Are you sure that when you scold your dog you are doing it correctly? Often when our four-legged friend causes some trouble we react by scolding them, but in doing so we risk making mistakes that will not correct their behaviour, but rather will confuse them more than before. Find out the 5 most common mistakes not to make when scolding a dog.
1. SCOLDING YOUR DOG AFTER A LONG TIME
With dogs, the golden rule is “catching them on the spot”. Scolding a dog after they have been naughty is useless. If you come home and find a plucked and scattered pillow all over the house, don’t bother to discipline Fido, indeed, it is counterproductive. It is sufficient to use a dry and decisive “no” when you find them making some trouble, so that it connects our reaction to one of its actions. Continuing to scold them is useless.
2. CHOOSE FOR WHAT TO SCOLD THEM
Spending all your time scolding your dog does not have great effects on their behaviour, it is enough to be firm, angry for at least a minute, without using aggression or severe punishment such as shutting them alone in a room or leaving them without their toys.
3. PUTTING THEIR NOSE NEAR THEIR MESS
Many people think that in order to teach their dog not to pee at home, you must bring their face closer to their mess. This is the wrong behaviour! Surely if they have peed in the house it is because we have not taken them out or this is a way to make us understand that it is sad when we are not there. The ideal thing is to take them out more often and compliment them when they do their business outside, a little at a time they will learn.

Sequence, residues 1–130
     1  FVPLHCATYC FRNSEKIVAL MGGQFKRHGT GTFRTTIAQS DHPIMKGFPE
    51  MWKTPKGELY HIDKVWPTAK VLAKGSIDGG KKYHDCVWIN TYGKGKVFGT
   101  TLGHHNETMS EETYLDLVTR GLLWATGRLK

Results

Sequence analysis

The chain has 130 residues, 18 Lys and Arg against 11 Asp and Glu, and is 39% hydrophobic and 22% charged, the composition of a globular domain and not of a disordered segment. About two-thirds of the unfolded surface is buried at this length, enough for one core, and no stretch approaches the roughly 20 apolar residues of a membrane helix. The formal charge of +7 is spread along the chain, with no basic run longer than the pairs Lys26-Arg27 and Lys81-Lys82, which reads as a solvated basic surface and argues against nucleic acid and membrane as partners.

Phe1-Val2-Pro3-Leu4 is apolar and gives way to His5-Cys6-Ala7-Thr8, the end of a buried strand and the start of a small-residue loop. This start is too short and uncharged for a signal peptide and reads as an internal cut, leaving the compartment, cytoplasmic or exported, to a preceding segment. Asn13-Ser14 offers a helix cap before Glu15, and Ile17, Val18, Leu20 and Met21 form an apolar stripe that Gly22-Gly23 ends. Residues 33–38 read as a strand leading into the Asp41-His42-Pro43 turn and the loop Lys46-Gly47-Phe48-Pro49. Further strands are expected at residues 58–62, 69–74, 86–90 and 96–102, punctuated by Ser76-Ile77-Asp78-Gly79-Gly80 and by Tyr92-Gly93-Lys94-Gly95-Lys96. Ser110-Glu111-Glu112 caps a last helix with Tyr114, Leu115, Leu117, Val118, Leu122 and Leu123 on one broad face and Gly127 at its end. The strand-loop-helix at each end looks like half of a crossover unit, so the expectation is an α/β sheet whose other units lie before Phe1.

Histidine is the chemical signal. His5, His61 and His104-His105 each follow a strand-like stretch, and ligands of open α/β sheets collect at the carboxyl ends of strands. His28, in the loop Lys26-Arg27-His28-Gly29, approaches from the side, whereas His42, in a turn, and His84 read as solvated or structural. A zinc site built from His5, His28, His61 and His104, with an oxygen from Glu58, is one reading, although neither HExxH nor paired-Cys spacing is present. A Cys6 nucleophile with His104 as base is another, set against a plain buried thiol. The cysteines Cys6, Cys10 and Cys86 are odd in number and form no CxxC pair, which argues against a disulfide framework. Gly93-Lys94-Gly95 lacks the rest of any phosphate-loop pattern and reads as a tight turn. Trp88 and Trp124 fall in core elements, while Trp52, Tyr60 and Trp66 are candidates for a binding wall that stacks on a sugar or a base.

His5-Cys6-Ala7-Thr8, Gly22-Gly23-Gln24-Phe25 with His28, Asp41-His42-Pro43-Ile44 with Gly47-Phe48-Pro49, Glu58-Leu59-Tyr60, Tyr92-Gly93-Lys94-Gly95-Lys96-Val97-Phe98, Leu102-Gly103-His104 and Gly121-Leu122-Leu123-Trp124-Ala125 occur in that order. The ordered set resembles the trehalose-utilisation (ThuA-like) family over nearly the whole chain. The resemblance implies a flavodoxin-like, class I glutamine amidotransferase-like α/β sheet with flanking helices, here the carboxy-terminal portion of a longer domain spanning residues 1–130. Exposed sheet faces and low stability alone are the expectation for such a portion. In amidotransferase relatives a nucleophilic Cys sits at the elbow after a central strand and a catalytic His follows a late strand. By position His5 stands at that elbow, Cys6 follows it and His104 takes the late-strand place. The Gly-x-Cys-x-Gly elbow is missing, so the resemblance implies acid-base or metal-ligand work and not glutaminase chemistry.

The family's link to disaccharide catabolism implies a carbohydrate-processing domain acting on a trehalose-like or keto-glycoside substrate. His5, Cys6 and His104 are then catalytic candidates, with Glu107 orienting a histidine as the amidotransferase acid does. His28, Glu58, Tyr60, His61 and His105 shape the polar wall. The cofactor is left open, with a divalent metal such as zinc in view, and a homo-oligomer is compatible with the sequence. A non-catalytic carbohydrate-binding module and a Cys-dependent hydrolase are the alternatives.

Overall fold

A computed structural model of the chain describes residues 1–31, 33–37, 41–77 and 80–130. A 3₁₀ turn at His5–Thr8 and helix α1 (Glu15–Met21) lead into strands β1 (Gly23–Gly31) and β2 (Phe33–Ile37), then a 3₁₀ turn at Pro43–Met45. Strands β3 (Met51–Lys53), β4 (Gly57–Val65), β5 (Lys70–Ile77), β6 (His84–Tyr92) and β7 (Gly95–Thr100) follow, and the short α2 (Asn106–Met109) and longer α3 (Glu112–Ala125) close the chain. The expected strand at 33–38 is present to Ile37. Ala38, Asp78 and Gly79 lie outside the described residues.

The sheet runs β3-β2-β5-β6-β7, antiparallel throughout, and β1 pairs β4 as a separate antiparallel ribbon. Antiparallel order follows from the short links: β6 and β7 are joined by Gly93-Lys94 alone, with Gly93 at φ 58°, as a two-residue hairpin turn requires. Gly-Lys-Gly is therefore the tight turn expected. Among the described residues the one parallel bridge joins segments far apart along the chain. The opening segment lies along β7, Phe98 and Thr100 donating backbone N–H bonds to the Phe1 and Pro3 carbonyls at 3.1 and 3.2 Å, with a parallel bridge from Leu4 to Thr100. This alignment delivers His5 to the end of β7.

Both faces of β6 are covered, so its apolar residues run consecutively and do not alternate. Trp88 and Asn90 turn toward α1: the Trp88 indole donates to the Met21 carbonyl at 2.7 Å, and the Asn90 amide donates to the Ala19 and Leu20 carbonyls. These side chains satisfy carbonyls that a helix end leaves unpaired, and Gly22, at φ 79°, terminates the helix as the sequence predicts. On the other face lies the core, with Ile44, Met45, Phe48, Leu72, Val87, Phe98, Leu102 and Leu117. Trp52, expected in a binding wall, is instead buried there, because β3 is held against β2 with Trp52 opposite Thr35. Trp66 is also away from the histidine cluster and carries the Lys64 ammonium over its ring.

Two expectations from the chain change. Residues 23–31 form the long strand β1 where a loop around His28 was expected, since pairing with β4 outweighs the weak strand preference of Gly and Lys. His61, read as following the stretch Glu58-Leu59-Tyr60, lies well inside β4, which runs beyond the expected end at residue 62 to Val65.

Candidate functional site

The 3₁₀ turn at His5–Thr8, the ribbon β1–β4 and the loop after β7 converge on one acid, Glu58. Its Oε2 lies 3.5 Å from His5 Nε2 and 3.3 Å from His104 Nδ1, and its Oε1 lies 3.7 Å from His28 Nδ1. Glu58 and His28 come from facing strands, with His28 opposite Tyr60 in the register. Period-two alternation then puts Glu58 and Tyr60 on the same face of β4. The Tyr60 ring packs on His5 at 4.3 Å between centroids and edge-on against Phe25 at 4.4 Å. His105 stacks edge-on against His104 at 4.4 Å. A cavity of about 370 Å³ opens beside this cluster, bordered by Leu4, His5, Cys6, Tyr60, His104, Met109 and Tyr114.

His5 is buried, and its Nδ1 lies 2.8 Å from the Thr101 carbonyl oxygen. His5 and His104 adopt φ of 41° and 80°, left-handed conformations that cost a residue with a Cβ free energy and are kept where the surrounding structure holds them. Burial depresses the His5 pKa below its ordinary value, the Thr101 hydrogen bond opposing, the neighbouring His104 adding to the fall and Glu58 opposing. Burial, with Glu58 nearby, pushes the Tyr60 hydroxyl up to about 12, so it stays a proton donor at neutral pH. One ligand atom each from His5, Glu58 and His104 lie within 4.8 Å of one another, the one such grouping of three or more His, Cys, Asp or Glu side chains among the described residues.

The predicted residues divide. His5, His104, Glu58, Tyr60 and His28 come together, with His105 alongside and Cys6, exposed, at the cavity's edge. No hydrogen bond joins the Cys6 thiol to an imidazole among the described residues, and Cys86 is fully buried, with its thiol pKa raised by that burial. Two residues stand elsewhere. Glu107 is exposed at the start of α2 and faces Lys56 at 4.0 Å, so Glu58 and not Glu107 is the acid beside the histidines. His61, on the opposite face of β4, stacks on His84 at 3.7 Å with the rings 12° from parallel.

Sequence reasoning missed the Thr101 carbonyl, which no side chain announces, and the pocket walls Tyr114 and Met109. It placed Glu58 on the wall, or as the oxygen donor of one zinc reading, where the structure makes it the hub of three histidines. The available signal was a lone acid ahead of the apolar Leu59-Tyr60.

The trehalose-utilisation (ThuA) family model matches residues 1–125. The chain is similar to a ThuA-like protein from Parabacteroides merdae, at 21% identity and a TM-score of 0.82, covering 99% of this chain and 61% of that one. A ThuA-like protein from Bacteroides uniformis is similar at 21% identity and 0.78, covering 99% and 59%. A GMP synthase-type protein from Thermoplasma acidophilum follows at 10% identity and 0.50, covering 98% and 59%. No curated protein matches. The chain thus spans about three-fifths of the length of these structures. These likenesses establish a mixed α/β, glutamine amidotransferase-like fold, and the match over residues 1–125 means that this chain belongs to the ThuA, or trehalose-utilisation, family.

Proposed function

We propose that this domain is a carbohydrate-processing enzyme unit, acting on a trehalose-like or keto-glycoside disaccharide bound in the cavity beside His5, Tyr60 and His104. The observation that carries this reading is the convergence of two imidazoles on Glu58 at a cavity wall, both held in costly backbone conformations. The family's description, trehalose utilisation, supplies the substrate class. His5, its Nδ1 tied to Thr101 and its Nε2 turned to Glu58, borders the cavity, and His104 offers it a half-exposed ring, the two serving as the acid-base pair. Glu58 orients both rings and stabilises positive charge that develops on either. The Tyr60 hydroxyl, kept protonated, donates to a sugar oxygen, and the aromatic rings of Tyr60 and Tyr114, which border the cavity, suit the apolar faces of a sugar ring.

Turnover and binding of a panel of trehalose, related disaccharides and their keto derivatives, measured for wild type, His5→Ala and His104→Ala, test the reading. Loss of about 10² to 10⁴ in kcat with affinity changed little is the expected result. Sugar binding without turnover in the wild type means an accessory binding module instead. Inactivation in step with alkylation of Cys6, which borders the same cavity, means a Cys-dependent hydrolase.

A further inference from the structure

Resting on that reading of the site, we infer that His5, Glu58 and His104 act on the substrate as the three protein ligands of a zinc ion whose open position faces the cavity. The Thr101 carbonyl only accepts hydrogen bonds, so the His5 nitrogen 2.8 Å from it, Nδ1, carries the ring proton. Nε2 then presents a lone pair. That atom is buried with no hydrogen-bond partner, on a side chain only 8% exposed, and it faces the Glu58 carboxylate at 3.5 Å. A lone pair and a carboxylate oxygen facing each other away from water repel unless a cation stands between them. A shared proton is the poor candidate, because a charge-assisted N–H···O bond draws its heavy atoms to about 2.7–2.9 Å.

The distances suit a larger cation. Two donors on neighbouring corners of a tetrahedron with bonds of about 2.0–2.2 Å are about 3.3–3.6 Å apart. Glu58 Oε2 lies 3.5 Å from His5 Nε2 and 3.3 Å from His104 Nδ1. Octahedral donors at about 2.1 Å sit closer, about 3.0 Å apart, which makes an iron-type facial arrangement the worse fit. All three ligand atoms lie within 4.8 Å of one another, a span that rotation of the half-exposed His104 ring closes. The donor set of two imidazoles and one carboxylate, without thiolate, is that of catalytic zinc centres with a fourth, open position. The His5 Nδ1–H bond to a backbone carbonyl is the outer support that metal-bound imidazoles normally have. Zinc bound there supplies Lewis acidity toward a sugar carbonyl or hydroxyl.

4. DO NOT LET THEM SNARL
If a dog growls at a person or another animal they are showing their uneasiness, fear or annoyance. The dog should not be reproached when they snarl as they may be tempted to attack. If this behaviour is frequent, we advise you to get help from a trainer, so they can identify the reason why your furry friend behaves this way.
5. FEW FIXED RULES
The dog will learn few but effective rules in their life only if we are constant in imposing them. Reproaching the dog with a behaviour that we usually allow will only cause confusion for them. For example, if we have established that they must sleep in their kennel and for no reason in the world can they get on our bed but then we let them do that, we are showing inconsistency and they will no longer understand what is right or wrong to do. Our dog needs stability, security and rules that they will learn little by little and will make them feel peaceful and happy.